Most fishermen wouldn’t view the act of catching a fish as a “rescue”. I’m quite certain that the fish would prefer to not be rescued in this way! While Jesus is taking advantage of the object lesson in front of him, “catching fish” doesn’t fully grasp the heart of his invitation to Simon Peter.

In the big story God is telling over creation, his goal is not to catch people in the same way we catch fish- to trap them and consume them. Instead, the idea of catching is more closely related to that of taking prisoners alive. And though in practice our system often comes up woefully short of the ideal, at its best, the penal system is meant to be restorative and regenerative. People are “caught” in order to move forward in redemptive ways.

God desires to catch everything that stands in opposition to his coming Kingdom. He seeks to breathe new life into it and to restore the whole of creation to his original intent, and this includes you. Though you may feel unseen or unloved, the Lord Jesus seeks you out and longs to bring you into the joy and wonder of his Kingdom. He also sees the things in your heart and life that keep you from flourishing – jealousy, selfish ambition, envy, anger, greed – and longs to catch them so you can be free.

“For freedom Christ has set us free; stand firm therefore, and do not submit again to a yoke of slavery.”  (Galatians 5:1)

As you and I encounter the glorious freedom that comes from knowing Christ, we who are liberated are at the same time invited to join Jesus in the work of liberating others. We are set free, not simply to not return to old habits and ways of life, but to find people in their places of great need, sorrow, and loss and invite them to encounter the restorative love of God shown in Jesus Christ. This is what it means to join Simon Peter in the beautiful work of “catching people.”

How can you be an agent of God’s grace to someone in need today? 

Tripp Prince
Wisdom Hunters

February 21, 2019

Proverbs 3:5-6
“Trust in the Lord with all your heart, and do not lean on your own understanding. In all your ways acknowledge him, and he will make straight your paths.”  

I have several friends who are licensed pilots. One was working on his instrument landing skill, but felt a surge of anxiety when the control tower directed him to come in through a narrow pass between two mountains and then weave past several tall buildings. He asked for a repeat on directions from the tower when a control operator calmly replied: “You just obey my instructions and I'll take care of your obstructions.”

Sounds like something I hear from the Lord a lot of times. My responsibility is to obey His will. His purpose is to direct my path.

“Obey My Instructions - I’ll Take Care of Your Obstructions!”

Dean Register
Crosspoint Community Church
Hattiesburg, MS

Submitted by Peggy Lasher Bentley

Previous Thoughts

February 20, 2019

1 Corinthians 13:4 
“Love is patient and kind; love does not envy or boast; it is not arrogant”  

Love is in the job description of a Christian. But what does it mean to be kind? Kindness means you are pleasant to be around---you can see kindness in your countenance---inviting and interested. It is as much an attitude as anything, and it is the ability to see beyond the immediate to the potential. Kindness means you go out of your way to love someone. People who are unlovable become prime candidates for your kindness. It rises to the challenge of challenges.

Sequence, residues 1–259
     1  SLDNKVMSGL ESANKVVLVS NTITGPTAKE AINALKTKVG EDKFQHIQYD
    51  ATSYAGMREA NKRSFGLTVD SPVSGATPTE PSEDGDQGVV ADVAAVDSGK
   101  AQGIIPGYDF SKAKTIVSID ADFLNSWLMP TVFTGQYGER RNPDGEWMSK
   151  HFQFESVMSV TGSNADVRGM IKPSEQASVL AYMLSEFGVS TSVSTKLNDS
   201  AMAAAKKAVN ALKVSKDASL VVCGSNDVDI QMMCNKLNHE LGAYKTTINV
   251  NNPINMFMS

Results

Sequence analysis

A family member who is far from God, deep down desires unconditional love and kindness. Kindness is a natural application of love because it makes one feel loved. It is the ability to be accepting when everything within you wants to be rejecting. It is a strategy for forgiveness when you are wronged or when someone takes advantage of you. When your trusting spirit has been violated, you still love by being kind; you stop fighting, and you start forgiving.

Love keeps you kind, especially toward those who are closest to you. They do not deserve your dredging up hurtful, bitter, and unforgiving words from the past. Love is kind in its conversations. Harsh and abrasive speech is absent from kind conversation. Love produces words that are “kind and tenderhearted”:

“Be kind to one another, tenderhearted, forgiving one another, as God in Christ forgave you.” (Ephesians 4:32)

Love is able to extend kind words that cheer up heavy hearts:

“Gracious words are like a honeycomb, sweetness to the soul and health to the body.” (Proverbs 16:24)

Pray to God for kindness to reign in your relationships with kids and teenagers. Children translate kindness into love, for it is their language of love.

We all have blown up and lost our temper over disrespectful attitudes and actions from our offspring. The temptation is to disrespect when we have been disrespected, and the natural response is to become angry when someone else spews out his or her frustrations on us. But God has not called us to natural responses, but supernatural ones. Kindness in the face of frustration is a fruit of the Spirit, and only through submission to your Savior will kindness become front and center. The fullness of the Holy Spirit in your life is what causes kindness to come forth.

Loving others with kindness does not preclude difficult decisions. Kindness is not patronizing, but authentic care and concern, and it is able to deliver hard truth that softens hard hearts. You can dismiss an employee with kindness. Likewise, you can disagree with kindness in a heated debate. Harshness has no hold on those who are controlled by Christ.